The decision to sell your house can be a momentous one. You might have toyed with the idea several times in the past. However, when it came right down to it, you decided to defer the decision. Difficult as it might seem, taking the decision to sell your house is probably the easiest part. It marks the culmination of the point where you move from thinking about selling your house toward taking practical steps to sell the house.
According to the Federal Reserve Survey of Consumer Finances, there are about 199.8 million credit card holders in the US, as of July 2014. These individuals collectively own about 1.895 billion credit cards. Despite the widespread use of credit cards, the survey found that about 23 percent of people did not own any credit card. Similarly, various estimates suggest that as of 2012, there were 191 million debit cardholders, owning nearly 530 million debit cards.
Your credit score is an indicator of your creditworthiness. This three-digit number, which usually ranges from 300 to 850, is nothing but a numerical expression of your creditworthiness. The three credit reporting bureaus (i.e. Equifax, Experian and Trans Union) calculate this score based on various details mentioned in your credit report. Some of these details include:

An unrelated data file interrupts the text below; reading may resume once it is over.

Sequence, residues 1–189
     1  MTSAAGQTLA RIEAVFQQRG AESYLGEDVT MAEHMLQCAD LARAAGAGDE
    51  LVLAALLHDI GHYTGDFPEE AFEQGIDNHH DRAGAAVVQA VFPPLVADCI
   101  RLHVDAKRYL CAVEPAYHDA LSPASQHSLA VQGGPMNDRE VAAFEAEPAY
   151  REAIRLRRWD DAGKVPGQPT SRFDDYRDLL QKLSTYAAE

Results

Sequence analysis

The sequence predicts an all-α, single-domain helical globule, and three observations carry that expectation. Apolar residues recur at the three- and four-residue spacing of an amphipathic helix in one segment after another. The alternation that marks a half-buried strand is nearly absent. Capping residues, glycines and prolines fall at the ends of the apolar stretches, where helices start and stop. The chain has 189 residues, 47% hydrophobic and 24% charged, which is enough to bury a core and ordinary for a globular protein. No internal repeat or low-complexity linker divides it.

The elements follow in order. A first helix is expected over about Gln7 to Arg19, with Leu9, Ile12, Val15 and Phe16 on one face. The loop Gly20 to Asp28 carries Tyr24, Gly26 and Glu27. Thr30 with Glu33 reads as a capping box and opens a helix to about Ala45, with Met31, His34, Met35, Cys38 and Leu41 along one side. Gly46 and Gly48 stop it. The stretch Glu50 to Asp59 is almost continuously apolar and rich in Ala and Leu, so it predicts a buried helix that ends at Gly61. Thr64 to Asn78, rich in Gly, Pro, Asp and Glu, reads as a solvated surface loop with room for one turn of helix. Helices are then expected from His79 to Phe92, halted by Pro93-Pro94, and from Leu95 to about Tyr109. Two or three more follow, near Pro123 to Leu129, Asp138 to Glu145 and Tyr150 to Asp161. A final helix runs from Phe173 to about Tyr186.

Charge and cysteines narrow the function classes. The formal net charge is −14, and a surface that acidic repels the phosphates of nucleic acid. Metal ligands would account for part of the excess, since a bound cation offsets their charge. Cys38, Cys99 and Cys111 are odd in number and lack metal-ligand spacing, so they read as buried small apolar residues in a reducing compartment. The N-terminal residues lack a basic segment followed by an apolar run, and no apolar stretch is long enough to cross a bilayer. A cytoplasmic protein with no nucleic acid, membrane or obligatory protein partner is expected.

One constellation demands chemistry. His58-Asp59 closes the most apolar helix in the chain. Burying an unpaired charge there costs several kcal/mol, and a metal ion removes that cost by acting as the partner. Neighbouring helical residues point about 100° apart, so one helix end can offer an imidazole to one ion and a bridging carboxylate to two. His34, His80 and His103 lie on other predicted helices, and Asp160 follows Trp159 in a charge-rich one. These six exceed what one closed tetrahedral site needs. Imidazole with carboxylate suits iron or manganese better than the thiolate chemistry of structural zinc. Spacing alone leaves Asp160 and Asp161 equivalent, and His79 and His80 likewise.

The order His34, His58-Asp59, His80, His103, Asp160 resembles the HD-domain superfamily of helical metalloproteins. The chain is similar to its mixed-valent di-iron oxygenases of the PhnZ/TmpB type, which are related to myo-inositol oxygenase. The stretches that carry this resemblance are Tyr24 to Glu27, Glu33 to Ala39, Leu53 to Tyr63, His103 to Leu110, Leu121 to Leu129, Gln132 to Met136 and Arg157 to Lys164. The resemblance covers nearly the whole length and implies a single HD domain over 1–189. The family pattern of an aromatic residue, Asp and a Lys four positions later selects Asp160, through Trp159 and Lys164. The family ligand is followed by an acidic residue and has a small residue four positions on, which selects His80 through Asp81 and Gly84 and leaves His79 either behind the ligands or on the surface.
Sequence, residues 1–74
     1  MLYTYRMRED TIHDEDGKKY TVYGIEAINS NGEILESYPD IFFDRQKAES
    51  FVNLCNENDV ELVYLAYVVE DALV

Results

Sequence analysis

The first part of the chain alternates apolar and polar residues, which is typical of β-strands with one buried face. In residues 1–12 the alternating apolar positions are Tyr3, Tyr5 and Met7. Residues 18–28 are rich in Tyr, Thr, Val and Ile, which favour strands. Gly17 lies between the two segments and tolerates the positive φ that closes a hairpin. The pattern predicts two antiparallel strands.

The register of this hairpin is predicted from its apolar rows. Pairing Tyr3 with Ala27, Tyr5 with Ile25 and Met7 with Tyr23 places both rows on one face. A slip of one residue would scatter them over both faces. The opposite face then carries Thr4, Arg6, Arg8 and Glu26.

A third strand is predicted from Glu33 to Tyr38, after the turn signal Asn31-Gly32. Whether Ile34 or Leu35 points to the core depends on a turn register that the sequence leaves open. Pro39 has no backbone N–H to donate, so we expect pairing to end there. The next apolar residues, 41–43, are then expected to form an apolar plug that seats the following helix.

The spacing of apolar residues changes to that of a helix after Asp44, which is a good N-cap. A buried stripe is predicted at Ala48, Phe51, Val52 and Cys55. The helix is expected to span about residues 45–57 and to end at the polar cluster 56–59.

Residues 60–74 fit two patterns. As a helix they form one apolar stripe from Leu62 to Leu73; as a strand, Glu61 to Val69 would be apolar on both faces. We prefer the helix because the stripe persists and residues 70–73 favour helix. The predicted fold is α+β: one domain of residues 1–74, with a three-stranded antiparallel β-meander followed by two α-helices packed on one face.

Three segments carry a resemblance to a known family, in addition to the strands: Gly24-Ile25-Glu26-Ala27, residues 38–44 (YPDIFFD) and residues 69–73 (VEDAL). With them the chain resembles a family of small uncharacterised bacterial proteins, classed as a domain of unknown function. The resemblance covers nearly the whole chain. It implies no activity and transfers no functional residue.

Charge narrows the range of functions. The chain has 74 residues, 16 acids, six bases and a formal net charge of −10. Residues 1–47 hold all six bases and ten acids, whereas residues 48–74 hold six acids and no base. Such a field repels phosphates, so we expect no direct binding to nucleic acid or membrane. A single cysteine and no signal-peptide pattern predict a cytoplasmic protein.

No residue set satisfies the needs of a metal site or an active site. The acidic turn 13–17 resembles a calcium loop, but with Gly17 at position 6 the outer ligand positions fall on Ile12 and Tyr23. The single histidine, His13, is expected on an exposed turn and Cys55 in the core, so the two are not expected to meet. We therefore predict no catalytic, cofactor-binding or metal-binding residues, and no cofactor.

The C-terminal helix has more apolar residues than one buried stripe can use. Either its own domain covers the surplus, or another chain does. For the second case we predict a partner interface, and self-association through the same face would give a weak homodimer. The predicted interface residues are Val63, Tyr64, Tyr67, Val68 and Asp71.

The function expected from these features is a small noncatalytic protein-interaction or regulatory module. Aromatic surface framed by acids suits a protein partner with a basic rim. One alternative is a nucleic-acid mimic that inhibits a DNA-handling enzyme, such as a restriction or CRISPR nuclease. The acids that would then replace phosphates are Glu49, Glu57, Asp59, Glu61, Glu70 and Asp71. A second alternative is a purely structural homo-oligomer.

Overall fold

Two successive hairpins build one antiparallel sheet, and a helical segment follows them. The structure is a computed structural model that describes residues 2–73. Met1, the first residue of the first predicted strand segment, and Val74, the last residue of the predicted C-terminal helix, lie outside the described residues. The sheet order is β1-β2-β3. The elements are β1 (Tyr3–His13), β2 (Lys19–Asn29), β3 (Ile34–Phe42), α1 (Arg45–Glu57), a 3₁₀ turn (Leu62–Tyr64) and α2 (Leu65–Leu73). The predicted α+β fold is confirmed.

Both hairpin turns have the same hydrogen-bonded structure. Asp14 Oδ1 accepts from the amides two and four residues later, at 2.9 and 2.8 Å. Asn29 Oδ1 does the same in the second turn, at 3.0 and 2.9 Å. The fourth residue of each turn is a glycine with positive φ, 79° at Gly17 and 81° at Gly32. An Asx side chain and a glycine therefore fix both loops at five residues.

On July 1st this year, banks and other financial institutions raised student loan interest rates by 0.8 percentage points. These rates would apply for the academic year that commences this fall. The revised student loan rates for the coming academic year are:
If you are looking to expand your home or small business, finance your college education, or simply need extra cash, you might be thinking about whether it is best to take out a loan or simply cash-in your savings. There are benefits and drawbacks to both approaches, and there is nothing that says you can’t do a little of both. But it is important to understand the dynamics of both options so that you are able to take advantage of benefits when they arise and ultimately keep your budget on a healthy footing.